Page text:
John J. Dean, John H. Corbett, Jr., Pittsburgh, for appellant.
John J. Hickton, Dist. Atty., Robert L. Eberhardt, Asst. Dist. Atty., R. L. Campbell, Pittsburgh, for appellee.
Eagen, O'Brien, Roberts, Pomeroy, Nix and Manderino, JJ. Jones, C. J., did not participate in the consideration or decision of this case. Nix, J., filed a dissenting opinion.
On February 4, 1963, the appellant, Morris Hargrove, while assisted by counsel, entered a plea of guilty to murder in Allegheny County. An evidentiary hearing followed after which Hargrove was adjudged guilty of murder in the first degree and sentenced to life imprisonment. A direct appeal from the judgment of sentence is now before us.*fn1
Herein, the validity of Hargrove's 1963 guilty plea is attacked on two grounds:
First, it is urged the plea should be set aside as not knowingly and intelligently entered because the record of
the plea proceedings establishes that, before the plea was accepted, the trial court failed to conduct an adequate inquiry or colloquy to determine if Hargrove were aware of the impact and consequences of a guilty plea. This position will not be sustained.
Since the instant plea was entered prior to our decision in Commonwealth ex rel. West v. Rundle, 428 Pa. 102, 237 A.2d 196 (1968), the burden of proving that the guilty plea was not knowing and intelligent was upon Hargrove. Commonwealth v. Riley, 444 Pa. 498, 282 A.2d 231 (1971). An opportunity to establish this was given Hargrove at a counseled hearing on his petition for post conviction relief. The credibility of the witnesses at this hearing was for the hearing judge and he saw fit, as was his right, to believe the testimony of Hargrove's trial counsel, which clearly demonstrated that before entering his plea, Hargrove was completely aware of what he was doing and entered the plea fully cognizant of its impact and possible consequences.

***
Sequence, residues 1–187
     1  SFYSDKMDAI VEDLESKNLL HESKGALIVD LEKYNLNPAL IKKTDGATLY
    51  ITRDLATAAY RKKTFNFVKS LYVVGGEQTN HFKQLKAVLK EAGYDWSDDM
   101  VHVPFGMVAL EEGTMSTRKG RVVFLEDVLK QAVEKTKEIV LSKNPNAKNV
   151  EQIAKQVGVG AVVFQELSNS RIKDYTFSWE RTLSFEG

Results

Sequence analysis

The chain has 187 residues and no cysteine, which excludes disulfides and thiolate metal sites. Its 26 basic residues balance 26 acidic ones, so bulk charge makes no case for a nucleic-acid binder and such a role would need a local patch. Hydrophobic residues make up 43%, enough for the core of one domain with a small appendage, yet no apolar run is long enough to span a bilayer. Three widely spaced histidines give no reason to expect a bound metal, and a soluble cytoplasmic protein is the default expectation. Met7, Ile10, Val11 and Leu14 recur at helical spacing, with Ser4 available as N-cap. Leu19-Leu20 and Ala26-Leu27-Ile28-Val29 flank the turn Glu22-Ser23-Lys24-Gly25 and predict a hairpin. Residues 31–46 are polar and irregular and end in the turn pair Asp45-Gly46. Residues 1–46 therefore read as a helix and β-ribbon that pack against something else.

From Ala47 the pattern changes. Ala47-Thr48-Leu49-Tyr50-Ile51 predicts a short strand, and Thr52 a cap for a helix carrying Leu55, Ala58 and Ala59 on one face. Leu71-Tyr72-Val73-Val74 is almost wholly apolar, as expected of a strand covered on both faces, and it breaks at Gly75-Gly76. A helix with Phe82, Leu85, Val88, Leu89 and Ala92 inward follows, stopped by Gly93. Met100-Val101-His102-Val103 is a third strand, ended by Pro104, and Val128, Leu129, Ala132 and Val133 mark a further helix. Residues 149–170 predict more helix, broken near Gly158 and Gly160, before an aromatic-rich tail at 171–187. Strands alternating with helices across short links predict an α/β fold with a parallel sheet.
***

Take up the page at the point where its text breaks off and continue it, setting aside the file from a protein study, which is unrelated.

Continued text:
The second reason advanced to set aside the guilty plea is that "after entering his plea [Hargrove] testified to facts which if believed, would establish a legitimate claim to the affirmative defense of self-defense". Cf. Commonwealth v. Roundtree, 440 Pa. 199, 269 A.2d 709 (1970). The present case, however, does not fall within the rationale of Roundtree and its progeny. Roundtree is only applicable where the accused at the time the plea is entered indicates he has a valid defense to the charge. In the instant case, Hargrove, at the time of pleading guilty, did not assert any facts indicating he killed in self-defense. Instead, this claim arose in his ...